“Music hath charms to soothe the savage breast.” -William Congreve
Every so often, one finds a marvelous and unique program amid the throng of health-care offerings in university settings. The rare gems that shine not only for their effectiveness, but for their diversity, deserve as much appreciation and applause as possible.
One such diamond that shines not only for its effectiveness, but also for its diversity, is the music therapy program, headed up by Lori Gooding on the University of Kentucky campus. This program, which Gooding began in July 2010, is housed in the School of Fine Arts’ Department of Music and cooperates with UK Health Care. Part of the Lucille Caudill Little Performing Arts in Health Care Fund, the program offers a master’s degree of music (M.M.) in music therapy and currently guides 11 graduate students in this unique discipline.
“The program is roughly three years in duration,” Gooding said, “with 2013 seeing some of our first graduates. We have 11 now, and the cap is 15.”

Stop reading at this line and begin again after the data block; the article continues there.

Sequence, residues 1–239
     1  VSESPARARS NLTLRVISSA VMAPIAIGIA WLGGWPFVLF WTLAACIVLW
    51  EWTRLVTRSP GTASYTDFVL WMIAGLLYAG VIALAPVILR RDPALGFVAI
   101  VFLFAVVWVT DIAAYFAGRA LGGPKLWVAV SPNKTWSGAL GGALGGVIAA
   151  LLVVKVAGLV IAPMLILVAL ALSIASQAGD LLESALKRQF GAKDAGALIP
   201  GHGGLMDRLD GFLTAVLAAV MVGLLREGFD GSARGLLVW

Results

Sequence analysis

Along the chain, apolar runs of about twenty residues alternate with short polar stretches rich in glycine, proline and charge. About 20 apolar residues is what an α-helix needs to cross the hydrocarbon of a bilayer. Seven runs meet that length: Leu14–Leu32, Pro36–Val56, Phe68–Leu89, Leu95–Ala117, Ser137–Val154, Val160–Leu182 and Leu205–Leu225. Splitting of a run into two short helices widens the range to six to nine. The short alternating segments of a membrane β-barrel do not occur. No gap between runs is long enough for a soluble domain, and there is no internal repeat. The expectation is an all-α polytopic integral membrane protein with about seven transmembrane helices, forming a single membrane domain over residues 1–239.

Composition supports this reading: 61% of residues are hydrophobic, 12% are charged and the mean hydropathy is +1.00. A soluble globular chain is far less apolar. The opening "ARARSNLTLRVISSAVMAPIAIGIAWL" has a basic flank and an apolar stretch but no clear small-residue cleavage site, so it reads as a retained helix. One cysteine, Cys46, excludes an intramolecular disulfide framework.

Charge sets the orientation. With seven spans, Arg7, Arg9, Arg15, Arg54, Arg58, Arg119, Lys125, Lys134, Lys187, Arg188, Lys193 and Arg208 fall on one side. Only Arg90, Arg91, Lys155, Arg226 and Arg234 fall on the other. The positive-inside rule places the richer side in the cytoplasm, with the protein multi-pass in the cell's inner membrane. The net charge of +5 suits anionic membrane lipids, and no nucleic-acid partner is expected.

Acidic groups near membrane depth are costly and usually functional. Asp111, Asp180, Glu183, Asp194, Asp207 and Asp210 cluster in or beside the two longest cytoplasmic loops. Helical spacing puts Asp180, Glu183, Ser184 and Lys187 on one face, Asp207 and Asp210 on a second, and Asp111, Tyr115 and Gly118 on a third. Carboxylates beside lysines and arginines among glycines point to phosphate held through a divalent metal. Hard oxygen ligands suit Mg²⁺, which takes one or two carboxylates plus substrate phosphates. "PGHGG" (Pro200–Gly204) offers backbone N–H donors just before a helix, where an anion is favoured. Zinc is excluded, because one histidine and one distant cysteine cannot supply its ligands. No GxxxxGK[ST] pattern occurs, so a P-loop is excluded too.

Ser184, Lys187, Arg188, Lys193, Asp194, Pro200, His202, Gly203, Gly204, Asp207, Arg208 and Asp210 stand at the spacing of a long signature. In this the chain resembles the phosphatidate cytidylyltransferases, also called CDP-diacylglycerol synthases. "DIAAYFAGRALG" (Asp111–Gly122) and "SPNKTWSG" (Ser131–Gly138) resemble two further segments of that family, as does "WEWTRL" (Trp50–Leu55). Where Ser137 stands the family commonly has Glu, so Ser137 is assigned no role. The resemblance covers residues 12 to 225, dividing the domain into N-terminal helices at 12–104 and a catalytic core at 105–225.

The program jumped major hurdles to receive the status required to offer such a degree at UK, Gooding said.
“Aside from the accreditation all UK programs have to go through, we also had to be approved by the American Music Therapy Association as well as the National Association of Schools of Music,” Gooding said.
Gooding is no stranger to the intricate maze known as academia, having served as assistant professor of music therapy at Charleston Southern University and as a teaching assistant at Florida State University, where she completed her Ph.D. The gathering momentum of UK’s School of Music in recent years made her program a natural, cutting-edge fit.
Much of the content in Gooding’s doctoral dissertation found its way into studies that looked at several music therapy-related interventions and their effects on improving social and behavioral skills in children and adolescents whose abilities in these areas were below par. It was not long after the program started that Gooding realized the need for more people skilled in the discipline.
“Olivia Yinger also works with me, and we just hired our first full-time clinician. The plan is to expand the master’s [program] into a Ph.D program and continue to increase the awareness in the community for much of this research,” Gooding said. With more student interest and awareness, it seems this will be a future likelihood.